“This legislation is a small step in the right direction. Repealing the individual mandate by making the fine $0 is a rational first step. Allowing states greater autonomy via a variety of block grants, waivers, and work requirements invites 50 experiments that might be used to generate new ideas that could be shared nationwide. Allowing the state to determine the medical loss ratio sounds like a powerful tool, but I’ve always thought that this attempt to fix margins simply turns health insurance companies into glorified utilities by penalizing any attempts they make at increasing efficiency. We should encourage insurance companies to sell real insurance (for truly unexpected events) rather than selling inefficient, ineffective, and overpriced prepaid medical care policies.

“Obamacare has taught us that attempting to pay for care via a variety of mechanisms does not really increase access. If we want to increase access, the more effective way to do this is to lower the cost of care. Costs fall when physicians and hospitals jump off the third party payment hamster wheel and focus on providing care to the patient in a low overhead environment. When patients start asking physicians, ‘How much does it cost?’, and physicians are willing to answer this question in a rational way, then access will actually increase.”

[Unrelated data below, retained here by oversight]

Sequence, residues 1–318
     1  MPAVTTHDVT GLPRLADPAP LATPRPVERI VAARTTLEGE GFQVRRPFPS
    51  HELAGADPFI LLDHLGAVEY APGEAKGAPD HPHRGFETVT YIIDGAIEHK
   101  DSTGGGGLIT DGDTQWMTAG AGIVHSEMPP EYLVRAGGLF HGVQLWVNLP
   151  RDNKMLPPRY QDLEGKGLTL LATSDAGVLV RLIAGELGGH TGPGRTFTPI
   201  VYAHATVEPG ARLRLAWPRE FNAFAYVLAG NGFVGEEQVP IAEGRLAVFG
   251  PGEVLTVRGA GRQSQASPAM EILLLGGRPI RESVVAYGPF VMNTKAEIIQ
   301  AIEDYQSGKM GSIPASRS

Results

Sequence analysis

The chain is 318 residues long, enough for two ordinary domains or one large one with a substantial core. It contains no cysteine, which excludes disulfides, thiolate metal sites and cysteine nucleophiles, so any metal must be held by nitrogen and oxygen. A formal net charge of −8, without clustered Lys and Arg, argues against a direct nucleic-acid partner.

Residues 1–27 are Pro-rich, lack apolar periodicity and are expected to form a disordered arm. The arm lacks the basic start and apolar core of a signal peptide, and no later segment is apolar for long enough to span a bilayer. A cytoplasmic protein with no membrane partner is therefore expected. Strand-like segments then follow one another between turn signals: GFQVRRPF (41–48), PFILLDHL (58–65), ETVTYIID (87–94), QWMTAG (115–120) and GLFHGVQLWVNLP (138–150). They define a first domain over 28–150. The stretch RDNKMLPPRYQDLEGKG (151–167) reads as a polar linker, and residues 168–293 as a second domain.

Phil Eskew, M.D.
General Counsel and VP of Clinical Development
Proactive MD
Policy Advisor, The Heartland Institute
312/377-4000


“The bill is a disappointment. It’s little more than repeal in name only. And its ideas for replacement are almost indistinguishable from the Obamacare status quo. Within hours of the bill’s release, four Republican senators – Rand Paul, Ted Cruz, Mike Lee, and Ron Johnson – said that they could not support it in its current form. Several others from across the party’s ideological spectrum have reacted tepidly but stopped short of rejecting the bill outright. It will not pass if any more than two Republicans defect.

“McConnell and company can only blame themselves for this predicament. Republicans have promised to repeal and replace Obamacare for seven years. This bill doesn’t do that. Any bill that does not fully repeal Obamacare and replace it with market-oriented, patient-centered reforms deserves to be rejected.”

Sally Pipes
President and CEO, Pacific Research Institute
Policy Advisor, The Heartland Institute
312/377-4000